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Franchising has roots in the middle ages and has been a part of the American economy since colonial times. In 2007, Franchising World published an article questioning whether Founding Father Benjamin Franklin was a "Father of Franchising". While there is evidence of franchising before Franklin, he may have been one of the first Americans to conduct a franchising business. Also a discoverer of the powers of electricity and ocean currents, Franklin was truly ahead of his times.
The Great State of Texas is ripe for entrepreneurs. Report after report recognizes the tremendous opportunity of doing business in Texas. 1851, a leading franchise-focused blog, cited back in 2012 that Texas would be amongst the best states for franchising in the years to come stating that "Texas has remained ahead of the curve with increases in population, job expansion and small business growth." The Times Record News reported this week that Texas ranks as the best state for female entrepreneurs to open small businesses. Bill Hethcock of the Dallas Business Journal wrote an article earlier this month stating that ,"small and midsize businesses in Texas are more optimistic about the global and local economy than their national counterparts in 2019".
Joe Matthews, founder of Franchise Performance Group and former Subway developer, has gone on the record many times lamenting the rapidly expanding number of brands entering the franchise industry. In an October 2018 article he stated that hundreds of brands are entering the game every year despite a fairly flat entrance rate of new franchisees. It's getting harder and harder to stand out in the growing crowd. Matthews reflects on several changes that he's seen accompanying this proliferation of brands such as the professionalization of franchises and the influx of Private Equity.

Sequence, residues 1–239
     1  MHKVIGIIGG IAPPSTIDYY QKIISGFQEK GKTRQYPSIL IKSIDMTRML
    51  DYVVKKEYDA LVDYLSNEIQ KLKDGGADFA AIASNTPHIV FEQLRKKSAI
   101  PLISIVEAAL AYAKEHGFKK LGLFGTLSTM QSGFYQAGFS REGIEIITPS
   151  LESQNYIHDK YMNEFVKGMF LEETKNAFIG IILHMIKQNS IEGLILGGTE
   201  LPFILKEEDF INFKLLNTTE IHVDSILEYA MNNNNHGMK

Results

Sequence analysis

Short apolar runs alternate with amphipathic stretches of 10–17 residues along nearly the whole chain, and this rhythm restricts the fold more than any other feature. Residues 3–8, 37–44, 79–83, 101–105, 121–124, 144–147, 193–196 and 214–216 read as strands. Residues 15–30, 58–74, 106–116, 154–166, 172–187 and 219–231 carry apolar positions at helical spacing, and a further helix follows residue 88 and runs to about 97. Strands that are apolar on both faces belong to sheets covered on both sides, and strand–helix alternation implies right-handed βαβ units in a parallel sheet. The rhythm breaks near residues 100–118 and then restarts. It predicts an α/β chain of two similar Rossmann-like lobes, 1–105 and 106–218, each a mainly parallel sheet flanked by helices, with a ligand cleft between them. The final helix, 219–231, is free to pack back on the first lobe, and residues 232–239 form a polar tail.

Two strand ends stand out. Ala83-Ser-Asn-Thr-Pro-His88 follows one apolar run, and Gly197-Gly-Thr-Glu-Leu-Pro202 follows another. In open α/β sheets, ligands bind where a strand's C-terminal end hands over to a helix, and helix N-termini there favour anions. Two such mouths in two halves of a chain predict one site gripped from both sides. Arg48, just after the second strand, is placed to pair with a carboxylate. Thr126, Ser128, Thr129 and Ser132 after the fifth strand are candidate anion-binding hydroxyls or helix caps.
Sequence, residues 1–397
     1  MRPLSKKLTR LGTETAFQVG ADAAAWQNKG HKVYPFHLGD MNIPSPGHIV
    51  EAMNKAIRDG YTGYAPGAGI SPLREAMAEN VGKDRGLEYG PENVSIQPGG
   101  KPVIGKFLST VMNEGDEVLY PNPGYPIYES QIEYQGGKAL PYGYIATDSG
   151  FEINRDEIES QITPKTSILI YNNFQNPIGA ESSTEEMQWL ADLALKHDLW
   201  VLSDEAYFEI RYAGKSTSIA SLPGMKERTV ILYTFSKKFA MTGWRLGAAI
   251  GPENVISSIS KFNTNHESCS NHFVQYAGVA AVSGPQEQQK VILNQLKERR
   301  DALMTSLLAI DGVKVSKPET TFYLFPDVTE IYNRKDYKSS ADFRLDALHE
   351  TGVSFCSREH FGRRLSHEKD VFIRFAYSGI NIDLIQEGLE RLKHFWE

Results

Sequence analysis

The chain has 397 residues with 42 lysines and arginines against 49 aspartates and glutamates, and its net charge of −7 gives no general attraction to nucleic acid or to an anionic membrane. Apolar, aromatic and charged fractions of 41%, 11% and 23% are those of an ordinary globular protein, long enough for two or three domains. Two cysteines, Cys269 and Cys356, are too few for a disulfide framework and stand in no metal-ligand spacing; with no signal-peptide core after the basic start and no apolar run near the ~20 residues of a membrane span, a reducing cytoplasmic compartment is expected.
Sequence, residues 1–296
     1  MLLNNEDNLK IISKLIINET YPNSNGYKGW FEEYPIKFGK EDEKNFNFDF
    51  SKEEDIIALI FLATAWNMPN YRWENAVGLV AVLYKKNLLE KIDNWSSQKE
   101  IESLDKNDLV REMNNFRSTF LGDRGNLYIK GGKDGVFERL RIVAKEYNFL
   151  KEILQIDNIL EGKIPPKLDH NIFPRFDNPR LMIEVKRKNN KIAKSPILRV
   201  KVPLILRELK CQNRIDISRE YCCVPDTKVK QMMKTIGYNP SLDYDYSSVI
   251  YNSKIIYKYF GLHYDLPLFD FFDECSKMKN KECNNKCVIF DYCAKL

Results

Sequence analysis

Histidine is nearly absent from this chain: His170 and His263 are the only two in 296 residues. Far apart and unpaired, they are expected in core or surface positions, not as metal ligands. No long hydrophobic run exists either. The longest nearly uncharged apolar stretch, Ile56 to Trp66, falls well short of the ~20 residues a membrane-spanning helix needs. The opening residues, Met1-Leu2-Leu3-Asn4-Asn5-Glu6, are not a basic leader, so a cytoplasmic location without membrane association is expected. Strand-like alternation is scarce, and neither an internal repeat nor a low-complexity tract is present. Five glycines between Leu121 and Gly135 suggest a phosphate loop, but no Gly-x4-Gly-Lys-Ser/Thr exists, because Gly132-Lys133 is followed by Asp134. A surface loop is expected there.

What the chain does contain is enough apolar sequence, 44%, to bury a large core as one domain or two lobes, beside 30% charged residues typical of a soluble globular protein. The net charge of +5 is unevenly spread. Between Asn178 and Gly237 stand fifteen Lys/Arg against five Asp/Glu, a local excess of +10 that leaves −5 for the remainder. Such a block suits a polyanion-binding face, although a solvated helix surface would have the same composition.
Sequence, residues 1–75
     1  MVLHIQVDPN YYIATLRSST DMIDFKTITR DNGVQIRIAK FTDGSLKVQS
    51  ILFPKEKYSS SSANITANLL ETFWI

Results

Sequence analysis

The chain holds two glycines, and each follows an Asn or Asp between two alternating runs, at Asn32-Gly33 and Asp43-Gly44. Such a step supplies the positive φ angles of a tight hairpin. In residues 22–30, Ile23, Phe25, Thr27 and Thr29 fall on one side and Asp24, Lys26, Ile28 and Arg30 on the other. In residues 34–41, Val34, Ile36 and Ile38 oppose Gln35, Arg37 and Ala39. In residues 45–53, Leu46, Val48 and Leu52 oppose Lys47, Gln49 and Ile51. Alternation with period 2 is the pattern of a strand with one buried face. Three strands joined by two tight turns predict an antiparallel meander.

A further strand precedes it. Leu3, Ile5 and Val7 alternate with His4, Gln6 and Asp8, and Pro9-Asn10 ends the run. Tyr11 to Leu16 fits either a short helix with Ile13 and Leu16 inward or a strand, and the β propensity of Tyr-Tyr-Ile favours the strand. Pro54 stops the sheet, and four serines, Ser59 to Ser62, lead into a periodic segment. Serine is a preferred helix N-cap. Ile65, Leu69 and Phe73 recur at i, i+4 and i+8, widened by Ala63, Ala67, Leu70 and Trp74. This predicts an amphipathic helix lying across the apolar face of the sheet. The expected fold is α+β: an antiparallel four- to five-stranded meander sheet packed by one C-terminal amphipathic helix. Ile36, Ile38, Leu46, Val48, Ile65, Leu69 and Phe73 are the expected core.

Jeff Bevis, writing for Forbes, published an article yesterday highlighting the positive impact of franchises on local communities across the United States. Bevis points out that franchised small business are true local businesses, even though the brands themselves are regional or national. This is because the franchise owner is usually a local, the employees are local, and they often do business with local vendors and businesses. By bringing in a franchised model to the community, they're bringing in a model that's proven to work accompanied by a training and support system. The hope that working with a franchise will improve an entrepreneurs likelihood to succeed extends to the employees and community. Successful small businesses are a bedrock of communities, bringing stability in employment, services, and taxes. A 2017 article published by David Kirby of the Huffington Post commented that the majority of jobs and nearly half of U.S. private payrolls are produced by small businesses operating in communities across America. Kirby wrote, "Our nation’s stability is in part predicated upon a stable economy and the financial strength derived from these businesses."
Google defines franchising as a verb meaning to "grant a franchise to (an individual or group). The term dates back to the late 18th century, but came in to popular usage from the 1950s forward.
Thanks to the work of the National Association of Women Business Owners, we know that American women now operate 39% of privately business and those businesses provide nearly nine million jobs close to two trillion dollars in sales. It's expected that Women ownership will continue to expand. A June 2018 report by Small Business Trends shows that rates of women and minority franchise business owners have climbed in the past few years. Between 2007 and 2012 minority ownership of franchise businesses went from 20% to 30%, which has grown much faster than non-franchise business. Ownership of franchise business also went from 20% to 30% in that same five year period. A June 2018 article by Forbes corroborated this information and went further, showing that back in 1995, the proportion of women-owned franchise was less than ten percent.